Julian was 14 when he came to the United States. He attended Long Fellow junior high school and graduated from Yonkers high school. After graduation, he went searching for his soul and true nature.  Initially filled by his passion for the written word, he began classes in Manhattan with the idea of becoming a writer. Even then the grandmaster knew he always wanted to be a martial artist.  Not to fight people for money but to defend himself from being beaten up, to feel confident and relaxed, and to help other people in case they ever needed help.
One day, one of Julian’s substitute high school teachers, Jonathan Horelick, invited him to a Kung Fu class after he fixed the brakes on Horelick’s car, a Chrysler Rambler. Julian had this to say about that day:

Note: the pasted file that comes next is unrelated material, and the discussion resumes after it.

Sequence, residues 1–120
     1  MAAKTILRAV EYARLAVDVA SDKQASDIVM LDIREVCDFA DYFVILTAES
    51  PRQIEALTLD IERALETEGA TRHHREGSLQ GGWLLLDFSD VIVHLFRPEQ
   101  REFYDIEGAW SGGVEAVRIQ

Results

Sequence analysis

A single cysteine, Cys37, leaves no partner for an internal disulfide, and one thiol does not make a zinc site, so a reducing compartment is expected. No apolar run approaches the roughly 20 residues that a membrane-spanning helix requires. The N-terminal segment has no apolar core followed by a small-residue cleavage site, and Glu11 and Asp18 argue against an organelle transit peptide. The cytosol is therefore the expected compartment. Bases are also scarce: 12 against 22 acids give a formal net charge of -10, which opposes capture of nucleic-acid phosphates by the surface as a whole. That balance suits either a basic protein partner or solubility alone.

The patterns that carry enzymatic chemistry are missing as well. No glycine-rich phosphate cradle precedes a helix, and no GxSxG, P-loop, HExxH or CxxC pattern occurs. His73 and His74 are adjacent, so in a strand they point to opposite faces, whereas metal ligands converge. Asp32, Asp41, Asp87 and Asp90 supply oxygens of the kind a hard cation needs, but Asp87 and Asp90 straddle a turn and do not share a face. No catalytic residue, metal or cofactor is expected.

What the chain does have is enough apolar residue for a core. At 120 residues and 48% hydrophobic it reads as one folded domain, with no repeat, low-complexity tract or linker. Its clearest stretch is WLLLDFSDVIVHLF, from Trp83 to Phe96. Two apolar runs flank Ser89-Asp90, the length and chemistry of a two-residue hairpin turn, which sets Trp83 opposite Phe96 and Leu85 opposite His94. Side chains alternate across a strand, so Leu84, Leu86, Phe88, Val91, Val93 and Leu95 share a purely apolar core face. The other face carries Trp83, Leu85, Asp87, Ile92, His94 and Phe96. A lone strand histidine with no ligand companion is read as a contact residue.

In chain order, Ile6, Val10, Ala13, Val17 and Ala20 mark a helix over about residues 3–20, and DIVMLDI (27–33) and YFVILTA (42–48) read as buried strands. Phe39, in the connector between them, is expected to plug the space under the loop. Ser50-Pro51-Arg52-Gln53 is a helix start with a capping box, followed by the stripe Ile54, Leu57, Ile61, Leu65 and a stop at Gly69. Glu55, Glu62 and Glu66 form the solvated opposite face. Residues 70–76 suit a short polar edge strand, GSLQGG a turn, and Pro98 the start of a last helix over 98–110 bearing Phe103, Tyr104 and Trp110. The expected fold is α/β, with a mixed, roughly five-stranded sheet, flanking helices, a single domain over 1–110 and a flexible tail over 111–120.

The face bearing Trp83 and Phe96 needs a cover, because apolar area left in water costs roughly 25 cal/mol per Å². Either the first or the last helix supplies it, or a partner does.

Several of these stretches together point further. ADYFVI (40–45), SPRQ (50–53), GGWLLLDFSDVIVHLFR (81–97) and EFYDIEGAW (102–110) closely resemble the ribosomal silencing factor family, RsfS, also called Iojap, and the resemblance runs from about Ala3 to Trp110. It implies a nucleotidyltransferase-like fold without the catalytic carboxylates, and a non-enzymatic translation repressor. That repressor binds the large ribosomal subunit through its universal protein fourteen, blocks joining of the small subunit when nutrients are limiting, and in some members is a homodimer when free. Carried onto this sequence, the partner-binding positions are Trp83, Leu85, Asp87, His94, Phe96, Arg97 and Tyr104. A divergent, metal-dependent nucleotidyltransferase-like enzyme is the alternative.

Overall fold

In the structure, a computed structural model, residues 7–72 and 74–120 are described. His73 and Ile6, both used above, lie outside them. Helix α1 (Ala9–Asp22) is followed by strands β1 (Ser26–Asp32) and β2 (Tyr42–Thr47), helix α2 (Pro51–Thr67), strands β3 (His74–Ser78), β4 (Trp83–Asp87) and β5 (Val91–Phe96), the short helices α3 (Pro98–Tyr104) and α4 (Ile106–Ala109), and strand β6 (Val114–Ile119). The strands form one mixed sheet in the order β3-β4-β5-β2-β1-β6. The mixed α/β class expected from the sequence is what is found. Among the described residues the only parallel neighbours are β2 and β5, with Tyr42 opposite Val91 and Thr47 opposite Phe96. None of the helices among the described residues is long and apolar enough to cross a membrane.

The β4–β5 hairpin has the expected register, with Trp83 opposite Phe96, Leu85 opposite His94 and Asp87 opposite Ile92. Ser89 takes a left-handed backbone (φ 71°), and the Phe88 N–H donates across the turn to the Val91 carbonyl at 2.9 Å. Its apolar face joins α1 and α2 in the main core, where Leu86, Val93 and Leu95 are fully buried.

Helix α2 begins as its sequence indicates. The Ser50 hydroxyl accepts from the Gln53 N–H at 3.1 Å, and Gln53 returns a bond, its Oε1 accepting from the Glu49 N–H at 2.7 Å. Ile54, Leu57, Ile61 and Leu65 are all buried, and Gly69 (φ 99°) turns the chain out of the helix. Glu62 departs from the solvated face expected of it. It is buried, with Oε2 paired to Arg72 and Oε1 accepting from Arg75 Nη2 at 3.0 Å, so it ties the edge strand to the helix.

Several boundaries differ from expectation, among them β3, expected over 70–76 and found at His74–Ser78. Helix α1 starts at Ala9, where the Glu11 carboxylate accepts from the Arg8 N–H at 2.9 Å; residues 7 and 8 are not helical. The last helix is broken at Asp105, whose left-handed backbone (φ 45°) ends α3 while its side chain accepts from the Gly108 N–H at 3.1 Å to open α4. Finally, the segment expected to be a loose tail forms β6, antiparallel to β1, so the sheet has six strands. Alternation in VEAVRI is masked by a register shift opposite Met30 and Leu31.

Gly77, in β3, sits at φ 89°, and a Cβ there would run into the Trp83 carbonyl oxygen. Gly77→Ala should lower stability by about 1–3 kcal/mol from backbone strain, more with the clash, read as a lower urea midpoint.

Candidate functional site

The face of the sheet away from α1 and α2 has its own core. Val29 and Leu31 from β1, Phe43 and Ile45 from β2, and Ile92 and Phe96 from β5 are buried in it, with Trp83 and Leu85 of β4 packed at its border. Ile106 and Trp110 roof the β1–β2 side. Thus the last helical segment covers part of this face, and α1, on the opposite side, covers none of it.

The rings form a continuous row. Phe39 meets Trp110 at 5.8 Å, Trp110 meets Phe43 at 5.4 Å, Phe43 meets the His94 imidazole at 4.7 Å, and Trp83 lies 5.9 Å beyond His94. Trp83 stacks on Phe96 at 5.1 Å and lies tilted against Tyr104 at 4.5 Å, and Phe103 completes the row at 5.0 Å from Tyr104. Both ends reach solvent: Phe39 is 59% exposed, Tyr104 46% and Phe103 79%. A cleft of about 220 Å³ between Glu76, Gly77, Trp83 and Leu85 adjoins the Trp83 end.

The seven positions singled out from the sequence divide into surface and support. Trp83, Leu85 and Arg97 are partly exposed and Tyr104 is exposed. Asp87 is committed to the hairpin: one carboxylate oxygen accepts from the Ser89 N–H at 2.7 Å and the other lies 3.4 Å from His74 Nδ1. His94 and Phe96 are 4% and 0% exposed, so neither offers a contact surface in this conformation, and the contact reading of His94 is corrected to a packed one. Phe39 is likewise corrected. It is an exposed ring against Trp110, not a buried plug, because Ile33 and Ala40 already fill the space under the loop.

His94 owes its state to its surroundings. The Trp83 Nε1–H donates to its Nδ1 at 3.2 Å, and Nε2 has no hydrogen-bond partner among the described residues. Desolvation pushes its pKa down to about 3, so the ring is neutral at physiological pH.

“Meeting Sifu Moy Yat has been one of the most transcendental and emotional moments of my life. When I rang the bell at the school "Ding Leg” in Brooklyn, New York, late in the last months of 1973 or 1974, I don’t remember exactly... What I do remember is that Sifu Moy Yat was much taller than I expected, standing at 6 feet, 1 inch.  I’m 5 feet, 9 inches. He told me to sit down and started asking me some questions. One of those questions being that if I wanted to be a fighter. I don’t recall what my response was, but I now realize that he knew my answer. Sifu Moy Yat had the happiest, questioning and penetrating pair of black eyes I had ever seen in my whole life, real see-through set of Kung Fu eyes. I’m a very fortunate guy!”